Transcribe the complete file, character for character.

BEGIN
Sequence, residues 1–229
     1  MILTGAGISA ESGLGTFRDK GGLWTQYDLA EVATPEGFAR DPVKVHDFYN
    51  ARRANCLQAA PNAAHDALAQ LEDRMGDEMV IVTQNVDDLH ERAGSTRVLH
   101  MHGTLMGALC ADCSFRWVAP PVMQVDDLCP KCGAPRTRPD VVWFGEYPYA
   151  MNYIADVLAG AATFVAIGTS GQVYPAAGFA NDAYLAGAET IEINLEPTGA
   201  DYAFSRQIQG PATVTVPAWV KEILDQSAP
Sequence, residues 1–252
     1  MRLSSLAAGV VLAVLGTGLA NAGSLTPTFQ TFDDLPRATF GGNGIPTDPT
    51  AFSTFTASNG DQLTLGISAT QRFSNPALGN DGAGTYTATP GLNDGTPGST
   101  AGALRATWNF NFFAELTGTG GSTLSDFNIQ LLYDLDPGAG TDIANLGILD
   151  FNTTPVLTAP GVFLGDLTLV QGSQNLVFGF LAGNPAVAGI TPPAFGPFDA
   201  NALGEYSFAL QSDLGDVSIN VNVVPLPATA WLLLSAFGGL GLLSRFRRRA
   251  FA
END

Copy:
Sequence, residues 1–229
     1  MILTGAGISA ESGLGTFRDK GGLWTQYDLA EVATPEGFAR DPVKVHDFYN
    51  ARRANCLQAA PNAAHDALAQ LEDRMGDEMV IVTQNVDDLH ERAGSTRVLH
   101  MHGTLMGALC ADCSFRWVAP PVMQVDDLCP KCGAPRTRPD VVWFGEYPYA
   151  MNYIADVLAG AATFVAIGTS GQVYPAAGFA NDAYLAGAET IEINLEPTGA
   201  DYAFSRQIQG PATVTVPAWV KEILDQSAP
Sequence, residues 1–252
     1  MRLSSLAAGV VLAVLGTGLA NAGSLTPTFQ TFDDLPRATF GGNGIPTDPT
    51  AFSTFTASNG DQLTLGISAT QRFSNPALGN DGAGTYTATP GLNDGTPGST
   101  AGALRATWNF NFFAELTGTG GSTLSDFNIQ LLYDLDPGAG TDIANLGILD
   151  FNTTPVLTAP GVFLGDLTLV QGSQNLVFGF LAGNPAVAGI TPPAFGPFDA
   201  NALGEYSFAL QSDLGDVSIN VNVVPLPATA WLLLSAFGGL GLLSRFRRRA
   251  FA